British artist Sean Steadman is first and foremost a painter. Steadman is invested in the medium’s specificities and its ability to draw out new visual forms. His practice arises from research into the history of image production, from the prehistoric to contemporary visual culture. His process is essentially intuitive and dialectical: after an initial drawing phase, Steadman works on the entirety of the canvas’ surface, applying, erasing, layering until a suitable starting point is achieved. This initial phase is deliberately fast and decisive, so as not to allow critical reflection. The actual making of the image occurs through what Steadman refers to as the “digging down, where the painting is as much uncovered as it is built up from the outside”.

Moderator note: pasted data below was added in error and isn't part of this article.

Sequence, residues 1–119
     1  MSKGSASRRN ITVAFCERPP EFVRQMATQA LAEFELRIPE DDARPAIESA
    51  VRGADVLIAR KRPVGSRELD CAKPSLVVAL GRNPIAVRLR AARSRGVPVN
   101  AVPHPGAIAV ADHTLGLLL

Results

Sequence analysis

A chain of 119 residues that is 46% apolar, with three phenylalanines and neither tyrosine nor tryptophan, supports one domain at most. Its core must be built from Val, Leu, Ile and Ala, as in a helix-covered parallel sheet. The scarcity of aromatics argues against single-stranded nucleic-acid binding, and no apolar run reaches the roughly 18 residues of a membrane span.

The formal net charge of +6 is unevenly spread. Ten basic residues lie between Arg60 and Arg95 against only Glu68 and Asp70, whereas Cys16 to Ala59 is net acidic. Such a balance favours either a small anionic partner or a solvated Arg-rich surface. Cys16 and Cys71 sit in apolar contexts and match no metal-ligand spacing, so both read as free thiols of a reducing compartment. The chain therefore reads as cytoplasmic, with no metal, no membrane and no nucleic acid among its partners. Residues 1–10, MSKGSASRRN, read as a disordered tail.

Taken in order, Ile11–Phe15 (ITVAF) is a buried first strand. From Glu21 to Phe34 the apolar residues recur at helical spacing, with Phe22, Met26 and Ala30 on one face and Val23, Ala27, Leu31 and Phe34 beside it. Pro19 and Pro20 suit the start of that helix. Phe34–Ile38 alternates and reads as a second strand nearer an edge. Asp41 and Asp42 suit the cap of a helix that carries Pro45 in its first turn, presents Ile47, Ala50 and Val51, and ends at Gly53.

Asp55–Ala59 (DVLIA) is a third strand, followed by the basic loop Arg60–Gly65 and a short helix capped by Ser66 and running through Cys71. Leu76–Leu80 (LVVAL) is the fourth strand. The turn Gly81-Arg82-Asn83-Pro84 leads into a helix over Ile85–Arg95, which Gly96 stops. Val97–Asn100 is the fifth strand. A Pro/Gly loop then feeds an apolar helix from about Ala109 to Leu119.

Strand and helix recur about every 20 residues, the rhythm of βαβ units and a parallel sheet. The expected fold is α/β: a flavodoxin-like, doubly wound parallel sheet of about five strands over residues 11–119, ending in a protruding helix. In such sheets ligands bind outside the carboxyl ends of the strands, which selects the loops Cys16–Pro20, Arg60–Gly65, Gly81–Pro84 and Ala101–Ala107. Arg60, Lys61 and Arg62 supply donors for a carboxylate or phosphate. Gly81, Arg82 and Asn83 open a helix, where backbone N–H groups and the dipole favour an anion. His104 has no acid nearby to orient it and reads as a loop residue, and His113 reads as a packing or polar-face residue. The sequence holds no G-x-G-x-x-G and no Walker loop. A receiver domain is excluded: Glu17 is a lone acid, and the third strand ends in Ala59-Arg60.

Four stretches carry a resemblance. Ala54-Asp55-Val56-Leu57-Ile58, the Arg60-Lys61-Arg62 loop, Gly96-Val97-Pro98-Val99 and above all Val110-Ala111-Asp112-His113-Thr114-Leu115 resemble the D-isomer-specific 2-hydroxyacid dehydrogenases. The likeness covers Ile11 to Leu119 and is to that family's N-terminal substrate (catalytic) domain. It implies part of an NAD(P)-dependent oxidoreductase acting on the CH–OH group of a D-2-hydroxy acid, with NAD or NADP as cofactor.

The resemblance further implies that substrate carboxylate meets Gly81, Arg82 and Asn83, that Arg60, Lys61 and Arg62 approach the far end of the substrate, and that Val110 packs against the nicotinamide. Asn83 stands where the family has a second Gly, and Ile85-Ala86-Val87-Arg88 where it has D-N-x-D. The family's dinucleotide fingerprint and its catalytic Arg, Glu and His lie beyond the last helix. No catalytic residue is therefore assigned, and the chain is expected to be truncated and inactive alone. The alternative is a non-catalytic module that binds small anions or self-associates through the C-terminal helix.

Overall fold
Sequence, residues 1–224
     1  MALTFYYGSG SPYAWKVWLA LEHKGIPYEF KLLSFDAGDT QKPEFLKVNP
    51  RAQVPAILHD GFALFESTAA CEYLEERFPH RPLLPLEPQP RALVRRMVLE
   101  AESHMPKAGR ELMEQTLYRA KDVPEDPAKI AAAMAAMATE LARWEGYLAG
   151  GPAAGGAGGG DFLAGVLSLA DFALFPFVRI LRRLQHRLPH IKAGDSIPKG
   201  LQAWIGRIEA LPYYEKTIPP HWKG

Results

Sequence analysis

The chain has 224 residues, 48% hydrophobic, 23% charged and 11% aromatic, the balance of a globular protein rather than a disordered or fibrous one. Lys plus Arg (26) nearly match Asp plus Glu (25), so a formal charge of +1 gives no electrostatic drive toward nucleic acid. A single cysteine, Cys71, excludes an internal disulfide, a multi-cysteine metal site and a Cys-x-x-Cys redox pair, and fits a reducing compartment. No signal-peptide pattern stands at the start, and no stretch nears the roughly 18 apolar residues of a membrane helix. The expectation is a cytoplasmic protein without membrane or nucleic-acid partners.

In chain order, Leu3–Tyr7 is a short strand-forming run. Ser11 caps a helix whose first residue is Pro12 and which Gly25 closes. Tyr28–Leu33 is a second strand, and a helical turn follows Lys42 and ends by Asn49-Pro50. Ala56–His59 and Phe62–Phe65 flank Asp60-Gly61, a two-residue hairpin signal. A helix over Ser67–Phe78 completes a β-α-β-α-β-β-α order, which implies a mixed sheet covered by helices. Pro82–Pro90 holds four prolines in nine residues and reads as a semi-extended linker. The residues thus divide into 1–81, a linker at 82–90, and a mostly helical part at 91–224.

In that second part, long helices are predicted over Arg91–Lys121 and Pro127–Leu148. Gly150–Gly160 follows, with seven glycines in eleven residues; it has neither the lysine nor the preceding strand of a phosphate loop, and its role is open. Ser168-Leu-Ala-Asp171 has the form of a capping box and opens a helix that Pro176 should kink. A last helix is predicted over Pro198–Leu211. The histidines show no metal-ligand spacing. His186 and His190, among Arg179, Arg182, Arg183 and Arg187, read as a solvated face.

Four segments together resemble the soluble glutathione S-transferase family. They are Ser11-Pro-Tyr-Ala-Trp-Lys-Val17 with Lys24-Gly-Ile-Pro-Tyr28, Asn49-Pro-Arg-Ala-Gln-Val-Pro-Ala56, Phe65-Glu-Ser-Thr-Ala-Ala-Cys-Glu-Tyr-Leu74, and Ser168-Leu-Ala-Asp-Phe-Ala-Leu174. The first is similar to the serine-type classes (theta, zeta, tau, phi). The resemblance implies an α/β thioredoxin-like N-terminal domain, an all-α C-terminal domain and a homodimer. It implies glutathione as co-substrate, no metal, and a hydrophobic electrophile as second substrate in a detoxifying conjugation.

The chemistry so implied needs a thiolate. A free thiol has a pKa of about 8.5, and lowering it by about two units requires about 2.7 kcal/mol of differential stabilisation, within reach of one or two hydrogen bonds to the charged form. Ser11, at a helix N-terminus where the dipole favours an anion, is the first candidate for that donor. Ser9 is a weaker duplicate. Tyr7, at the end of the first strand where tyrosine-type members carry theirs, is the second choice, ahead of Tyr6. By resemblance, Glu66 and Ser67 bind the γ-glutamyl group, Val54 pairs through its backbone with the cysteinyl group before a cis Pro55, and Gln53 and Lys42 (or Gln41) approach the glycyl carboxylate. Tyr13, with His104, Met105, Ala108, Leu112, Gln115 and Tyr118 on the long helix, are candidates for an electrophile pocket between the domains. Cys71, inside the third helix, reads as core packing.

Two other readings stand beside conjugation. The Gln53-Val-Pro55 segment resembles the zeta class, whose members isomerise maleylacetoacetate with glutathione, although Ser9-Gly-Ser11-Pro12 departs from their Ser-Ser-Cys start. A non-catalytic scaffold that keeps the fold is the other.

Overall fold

As seen in his solo exhibitions 1,000,000,000,000 and Cascade, all at once, the paintings appear corseted, perforated, entangled, swollen, or torn, insisting on aggregation through anarchic exposure. Through multiple phases over many months, the final composition can often deviate wildly from the original starting point; however this first phase anchors the works later developments. Steadman’s paintings marshal space, even if their structures are utterly mercurial. They are dialectics of schisms, sediments, breakages, the pulverulent and protuberant of colour and composition.